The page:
blind.

What is the Louis Braille Bicentennial--Braille Literacy Commemorative
Coin?

For decades the National Federation of the Blind (NFB), the country's
oldest and largest organization of blind persons, has been the leading
champion for Braille literacy.  With the passing of Public Law 109-247:
The Louis Braille Bicentennial--Braille Literacy Commemorative Coin Act,
the President of the United States and the U.S.  Congress have
recognized the critical role Braille plays in the independence, freedom,
and success of the blind and the central role the NFB plays in improving
literacy among the blind.

With the upcoming 200th anniversary of the birth of Louis Braille,
creator of the primary system of reading and writing used by people who
are blind, there is no more fitting time to recognize the history,
achievements, and mission of the National Federation of the Blind.

The launch of the NFB Braille Commemorative Coin by the U.S.
Mint in
2009 will present a great opportunity to tell the story of innovation
and service for our blind citizens.  It will enable the NFB to present
this story powerfully and effectively through its Braille Literacy
Campaign.  The campaign will promote how vital Braille is to our blind
citizens, young and old alike.

Literacy is the key to opening the minds of our young people.
Independent reading is true independence of the mind.  The act of
quietly holding a book in your hands and reading for the pleasure of
reading is a gift of immeasurable importance.  However, we have a body
of individuals in this country for whom the possibility of independence
is simply a fingertip away; but due to misunderstandings about Braille
and the opportunities it unlocks, that independence is denied, and the
result is illiteracy and unemployment.

You might be shocked to learn that today, in America, only 10 percent of
blind children are learning Braille! Yet, studies show that of the blind
people who are employed, better than 80 percent of them read and write
Braille fluently.

Braille = literacy = employment = full participation in society and
enjoying the rights and responsibilities of citizenship.

Please join us as we bring exposure to the literacy crisis for the blind
in this country and create new opportunities for all of our citizens to
take full advantage of the American dream.  Let's not leave these people
behind!








Literacy, Learning, and Enlightenment
by Fredric K.  Schroeder

On July 4, 2008, Dr.  Fred Schroeder, National Federation of the
Blind
first vice president, former commissioner of the U.S.
Rehabilitation
Services Administration, and National Chairperson for the Braille
Literacy Campaign, delivered the following address at the NFB
national
convention:

I recently learned that a friend of mine, Reggie Howard, had
passed
away.  Reggie grew up in Alabama during the time when many
southern
states maintained separate schools for the blind, a white school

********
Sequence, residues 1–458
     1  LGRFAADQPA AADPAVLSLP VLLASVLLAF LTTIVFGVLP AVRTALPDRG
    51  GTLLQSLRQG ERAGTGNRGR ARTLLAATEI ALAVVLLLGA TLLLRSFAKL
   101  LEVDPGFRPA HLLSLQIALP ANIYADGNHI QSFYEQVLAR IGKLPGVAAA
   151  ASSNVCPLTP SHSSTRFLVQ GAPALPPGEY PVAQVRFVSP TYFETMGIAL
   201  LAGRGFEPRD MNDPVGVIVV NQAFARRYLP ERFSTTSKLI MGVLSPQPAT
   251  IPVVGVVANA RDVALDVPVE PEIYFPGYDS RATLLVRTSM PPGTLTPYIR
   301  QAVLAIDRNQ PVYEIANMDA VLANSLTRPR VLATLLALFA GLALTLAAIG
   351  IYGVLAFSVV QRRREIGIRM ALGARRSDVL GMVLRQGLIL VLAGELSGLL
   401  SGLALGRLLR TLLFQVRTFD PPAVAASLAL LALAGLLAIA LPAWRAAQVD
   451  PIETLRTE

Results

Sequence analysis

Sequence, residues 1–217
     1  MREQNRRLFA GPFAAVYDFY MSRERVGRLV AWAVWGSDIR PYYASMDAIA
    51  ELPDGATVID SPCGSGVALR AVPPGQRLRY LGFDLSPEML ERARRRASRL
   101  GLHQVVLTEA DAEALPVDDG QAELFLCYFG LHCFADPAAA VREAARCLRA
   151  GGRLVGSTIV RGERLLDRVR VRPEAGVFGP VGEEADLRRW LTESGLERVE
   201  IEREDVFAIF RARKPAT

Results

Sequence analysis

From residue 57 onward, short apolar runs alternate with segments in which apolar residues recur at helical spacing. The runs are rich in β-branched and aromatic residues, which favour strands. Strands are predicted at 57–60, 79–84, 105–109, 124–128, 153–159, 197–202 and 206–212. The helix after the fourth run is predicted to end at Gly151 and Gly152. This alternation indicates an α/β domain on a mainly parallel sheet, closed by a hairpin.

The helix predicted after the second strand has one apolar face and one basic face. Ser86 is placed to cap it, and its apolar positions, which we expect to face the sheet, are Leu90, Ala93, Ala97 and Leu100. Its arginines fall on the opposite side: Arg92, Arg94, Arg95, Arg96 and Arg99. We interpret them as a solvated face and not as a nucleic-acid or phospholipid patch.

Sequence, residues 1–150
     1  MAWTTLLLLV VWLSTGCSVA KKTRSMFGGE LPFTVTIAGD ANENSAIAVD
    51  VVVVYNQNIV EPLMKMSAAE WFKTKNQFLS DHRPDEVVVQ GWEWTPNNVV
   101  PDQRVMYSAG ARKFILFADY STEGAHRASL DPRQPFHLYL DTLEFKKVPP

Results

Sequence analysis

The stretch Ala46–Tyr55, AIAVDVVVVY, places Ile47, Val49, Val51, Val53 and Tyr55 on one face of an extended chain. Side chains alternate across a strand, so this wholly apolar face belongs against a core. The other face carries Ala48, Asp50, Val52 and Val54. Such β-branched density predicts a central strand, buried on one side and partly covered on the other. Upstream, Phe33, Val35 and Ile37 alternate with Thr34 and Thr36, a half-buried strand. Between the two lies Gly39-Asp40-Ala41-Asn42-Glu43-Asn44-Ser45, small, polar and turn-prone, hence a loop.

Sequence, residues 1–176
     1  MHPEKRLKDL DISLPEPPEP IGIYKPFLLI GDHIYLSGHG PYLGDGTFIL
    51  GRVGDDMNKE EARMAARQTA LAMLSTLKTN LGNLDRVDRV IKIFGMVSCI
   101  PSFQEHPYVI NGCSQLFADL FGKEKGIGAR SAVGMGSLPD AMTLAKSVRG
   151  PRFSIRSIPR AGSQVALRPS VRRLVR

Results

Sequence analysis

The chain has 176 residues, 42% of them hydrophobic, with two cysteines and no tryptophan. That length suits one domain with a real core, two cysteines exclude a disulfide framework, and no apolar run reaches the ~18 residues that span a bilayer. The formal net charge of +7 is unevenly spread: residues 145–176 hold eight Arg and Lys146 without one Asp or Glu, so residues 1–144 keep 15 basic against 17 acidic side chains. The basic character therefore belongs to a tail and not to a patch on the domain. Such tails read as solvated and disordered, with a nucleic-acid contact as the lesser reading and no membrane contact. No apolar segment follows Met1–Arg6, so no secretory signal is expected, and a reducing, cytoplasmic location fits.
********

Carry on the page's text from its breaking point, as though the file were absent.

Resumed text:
and a
black school.  I remember Reggie's telling me that blind students
at
the black school were always excited to hear that the white
school
would be getting new Braille books because that meant that the
black
school would also be getting new Braille books, the old books
from the
white school passed on to the black school for the blind.  When
the
white school got new desks, the black school got new desks, the
old
ones from the white school.

Segregation was wrong.  It harmed children, but how much and in
what
ways? It is true that it was a few years later that blind
students at
the black school learned that Constantinople is now Istanbul.
And it
is true that the books were a little worn, the desks a little the
worse for wear.  But they had books.  They had desks.  They had a
school
and teachers who cared and did their best.  And, yes, they did
learn.
They learned math and English.  They learned science and social
studies, and they learned something else--they learned that
society
believed them to be inferior, inferior because of their race and
inferior because of blindness.  They were harmed by a substandard
education.  They were harmed by poor facilities.  But most of all
they
were harmed by prejudice--prejudice rooted in low expectations.
But
society was wrong.  Reggie was not inferior, not inferior because
of
race and not inferior because of blindness.  And neither was any
of the
other students at the Alabama School for Negro Deaf and Blind.

Today most blind children, black and white, are educated in
ordinary
public school classrooms.  But, as with the desegregation of
public
schools, including schools for the blind, physical desegregation
does
not in and of itself confer equality.  Blind children, black and
white,
continue to be society's forgotten, some educated in schools for
the
blind and some in local public schools, but still forgotten,
regarded
as children with no future, no promise, no meaning--for the most
part
desegregated, but not yet integrated.

It is assumed that sighted children will learn to read and write,
yet
today only 10 percent of blind children learn to read and write
Braille.  It is assumed that sighted children will have books and
libraries and other resources to support their learning; but
today
blind children continue to wait for Braille books, only a handful
have
ever seen a Braille library, and basic tools like Braille
notetakers
are rarely available; and when they are, often it is only after
an
intense struggle with school officials.  It is assumed that
sighted
children will graduate from high school, and we count it a crisis
in
American education when the dropout rate reaches double digits.
But
where is the public outcry about the dropout rate among the
blind?
Today only 45 percent--fewer than half--of all blind children
will
earn a high school diploma.  We will not stand by and allow this